The American people should never forget that, in the beginning, Congress only conceded to the notion of a border fence as a means of throwing a few crumbs to those citizens who otherwise rejected any immigration "reform" measures (read: amnesty) without first securing the border. Apparently, the illegal immigration problem is simply too overwhelming for the U.S. Government to honestly and effectively address it.

So, one might ask, just what are all of those bureaucrats and officials back in Washington paid to accomplish for the American people? The abominable answer can be found in their response to the "subprime mortgage" debacle, a real (we are told) crisis that requires their immediate attention.

As the housing market boomed in recent years, lenders sought to maximize profits by making as many loans as possible, while families in the housing market similarly endeavored to get the best housing deal their money could buy. Some overextended themselves, and are now facing possible foreclosures, which would also generate losses for the lending institutions.

With stunning swiftness, virtually the entire political class in Washington has reacted with promises to ride to the rescue of the beleaguered homeowners. Posturing politicians and office holders, from the President to Senators Hillary Clinton (D-NY) and Harry Reid (D-NV), to Treasury Secretary Hank Paulson, have offered proposals to stem the "crisis."

Clearly, Washington insiders cannot wait to throw money at the problem, clawing past each other in their determination to get to the microphones and trumpet their "compassion" when dispersing taxpayers' money to the needy masses.

What they say rarely, if ever, is that only six percent of the subprime mortgages are in default, with the remainder still fluid. This apparently inconsequential detail belies the fact that the Federal Government's real aim is not to protect the American way, nor to stabilize the current housing market, since its response will accomplish neither. Rather, the political class sees every situation facing America from a perspective of its own gain or loss in perceived stature.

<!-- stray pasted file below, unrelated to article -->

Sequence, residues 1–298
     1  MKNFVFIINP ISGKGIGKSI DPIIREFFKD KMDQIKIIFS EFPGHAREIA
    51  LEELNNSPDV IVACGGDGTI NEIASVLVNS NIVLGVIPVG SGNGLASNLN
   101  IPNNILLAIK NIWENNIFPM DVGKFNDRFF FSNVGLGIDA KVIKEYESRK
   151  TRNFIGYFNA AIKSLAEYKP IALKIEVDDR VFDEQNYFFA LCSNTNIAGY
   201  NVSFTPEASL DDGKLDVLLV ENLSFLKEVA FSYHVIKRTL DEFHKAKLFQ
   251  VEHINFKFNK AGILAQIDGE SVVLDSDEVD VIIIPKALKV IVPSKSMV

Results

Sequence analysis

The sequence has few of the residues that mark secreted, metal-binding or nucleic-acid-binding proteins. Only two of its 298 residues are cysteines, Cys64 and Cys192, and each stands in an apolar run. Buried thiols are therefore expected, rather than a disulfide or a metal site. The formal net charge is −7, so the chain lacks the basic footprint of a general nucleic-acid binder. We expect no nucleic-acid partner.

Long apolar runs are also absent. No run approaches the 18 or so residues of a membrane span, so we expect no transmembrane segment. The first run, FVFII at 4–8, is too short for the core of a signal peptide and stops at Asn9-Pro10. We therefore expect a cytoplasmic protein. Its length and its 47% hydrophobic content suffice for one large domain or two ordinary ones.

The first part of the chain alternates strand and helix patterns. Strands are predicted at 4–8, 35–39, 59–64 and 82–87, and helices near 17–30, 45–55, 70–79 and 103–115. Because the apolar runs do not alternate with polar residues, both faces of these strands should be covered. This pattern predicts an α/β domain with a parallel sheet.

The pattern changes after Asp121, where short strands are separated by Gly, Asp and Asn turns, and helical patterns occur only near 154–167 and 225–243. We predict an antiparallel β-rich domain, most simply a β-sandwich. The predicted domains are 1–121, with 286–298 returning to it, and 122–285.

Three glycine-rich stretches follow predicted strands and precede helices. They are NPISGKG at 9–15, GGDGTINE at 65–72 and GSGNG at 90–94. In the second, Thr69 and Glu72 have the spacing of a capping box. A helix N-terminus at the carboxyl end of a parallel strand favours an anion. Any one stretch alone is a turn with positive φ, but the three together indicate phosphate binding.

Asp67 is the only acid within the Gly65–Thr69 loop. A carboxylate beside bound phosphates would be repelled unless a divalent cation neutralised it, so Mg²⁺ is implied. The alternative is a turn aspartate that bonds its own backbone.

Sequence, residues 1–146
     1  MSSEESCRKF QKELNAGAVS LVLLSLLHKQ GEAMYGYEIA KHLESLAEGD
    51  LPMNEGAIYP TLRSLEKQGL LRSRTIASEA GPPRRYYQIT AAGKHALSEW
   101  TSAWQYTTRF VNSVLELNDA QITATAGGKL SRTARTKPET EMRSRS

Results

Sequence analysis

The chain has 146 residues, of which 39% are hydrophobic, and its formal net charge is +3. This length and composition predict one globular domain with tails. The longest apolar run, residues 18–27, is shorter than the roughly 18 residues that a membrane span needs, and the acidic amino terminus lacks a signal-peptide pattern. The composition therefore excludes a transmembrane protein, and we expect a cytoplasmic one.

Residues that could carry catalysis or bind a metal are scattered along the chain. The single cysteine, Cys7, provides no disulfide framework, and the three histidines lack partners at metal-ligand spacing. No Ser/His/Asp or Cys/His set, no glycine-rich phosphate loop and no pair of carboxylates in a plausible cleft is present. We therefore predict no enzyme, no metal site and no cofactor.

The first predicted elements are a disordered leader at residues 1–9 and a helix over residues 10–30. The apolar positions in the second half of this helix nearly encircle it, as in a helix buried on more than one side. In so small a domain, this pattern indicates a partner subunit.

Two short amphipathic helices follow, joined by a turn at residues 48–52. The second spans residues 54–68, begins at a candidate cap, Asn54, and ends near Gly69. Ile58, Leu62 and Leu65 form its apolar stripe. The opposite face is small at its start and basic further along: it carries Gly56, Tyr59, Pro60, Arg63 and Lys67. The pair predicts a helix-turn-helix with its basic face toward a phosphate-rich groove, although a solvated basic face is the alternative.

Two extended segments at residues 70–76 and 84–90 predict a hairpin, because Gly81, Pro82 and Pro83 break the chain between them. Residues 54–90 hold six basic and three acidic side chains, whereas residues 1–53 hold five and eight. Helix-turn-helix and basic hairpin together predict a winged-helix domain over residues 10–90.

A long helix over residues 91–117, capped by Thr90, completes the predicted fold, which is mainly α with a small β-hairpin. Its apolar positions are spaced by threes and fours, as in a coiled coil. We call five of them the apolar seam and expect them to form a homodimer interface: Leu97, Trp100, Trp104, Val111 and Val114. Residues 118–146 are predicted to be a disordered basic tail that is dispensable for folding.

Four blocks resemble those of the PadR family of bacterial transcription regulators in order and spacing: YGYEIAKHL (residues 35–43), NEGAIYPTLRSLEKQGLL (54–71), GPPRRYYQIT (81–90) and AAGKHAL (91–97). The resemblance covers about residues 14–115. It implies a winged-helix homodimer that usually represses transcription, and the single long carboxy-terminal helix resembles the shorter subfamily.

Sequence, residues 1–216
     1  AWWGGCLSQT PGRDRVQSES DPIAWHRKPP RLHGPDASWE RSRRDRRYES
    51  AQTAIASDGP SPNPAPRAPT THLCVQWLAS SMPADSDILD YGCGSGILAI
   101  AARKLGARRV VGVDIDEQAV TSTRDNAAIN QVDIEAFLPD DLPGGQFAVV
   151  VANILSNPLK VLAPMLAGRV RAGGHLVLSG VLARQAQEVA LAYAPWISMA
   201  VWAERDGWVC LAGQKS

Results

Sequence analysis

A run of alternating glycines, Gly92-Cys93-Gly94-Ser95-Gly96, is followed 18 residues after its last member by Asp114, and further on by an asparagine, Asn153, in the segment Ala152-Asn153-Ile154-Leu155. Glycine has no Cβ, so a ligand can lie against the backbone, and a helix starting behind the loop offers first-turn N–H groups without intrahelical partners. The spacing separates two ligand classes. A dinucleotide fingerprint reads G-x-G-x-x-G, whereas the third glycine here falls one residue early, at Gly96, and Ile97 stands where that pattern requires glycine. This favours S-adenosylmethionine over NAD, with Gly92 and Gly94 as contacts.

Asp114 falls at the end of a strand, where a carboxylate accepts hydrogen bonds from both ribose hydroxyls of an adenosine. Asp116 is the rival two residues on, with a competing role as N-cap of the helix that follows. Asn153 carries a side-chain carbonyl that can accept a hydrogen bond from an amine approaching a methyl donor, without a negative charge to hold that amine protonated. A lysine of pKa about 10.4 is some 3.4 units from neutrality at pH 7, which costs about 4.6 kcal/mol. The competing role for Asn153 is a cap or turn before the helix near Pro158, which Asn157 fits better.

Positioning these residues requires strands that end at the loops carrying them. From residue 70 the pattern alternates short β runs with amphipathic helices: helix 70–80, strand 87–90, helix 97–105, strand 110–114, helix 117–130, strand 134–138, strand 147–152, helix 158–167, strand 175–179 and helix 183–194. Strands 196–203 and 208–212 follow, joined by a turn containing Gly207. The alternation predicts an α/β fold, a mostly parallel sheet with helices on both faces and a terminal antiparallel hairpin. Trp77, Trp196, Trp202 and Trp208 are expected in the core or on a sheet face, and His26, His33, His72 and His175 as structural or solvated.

If the current crop of politicos have their way, the border will go on being neglected or ignored, while the housing situation will be answered by the irresponsible dispersal of the national treasury. Ultimately, Americans have nobody to blame but themselves, having reached this point by electing and re-electing such people.

If change is ever to come to this detestable situation, it must result from a determination by Americans that they will no longer accept the empty words of political aspirants that are blatantly contradicted by their past actions. This is a point that Americans should thoughtfully ponder as they examine their current field of presidential candidates from both parties. ESR

Christopher G. Adamo is a freelance writer and staff writer for the New Media Alliance. He lives in southeastern Wyoming. He has been active in local and state politics for many years. His contact information and archives can be found at www.chrisadamo.com.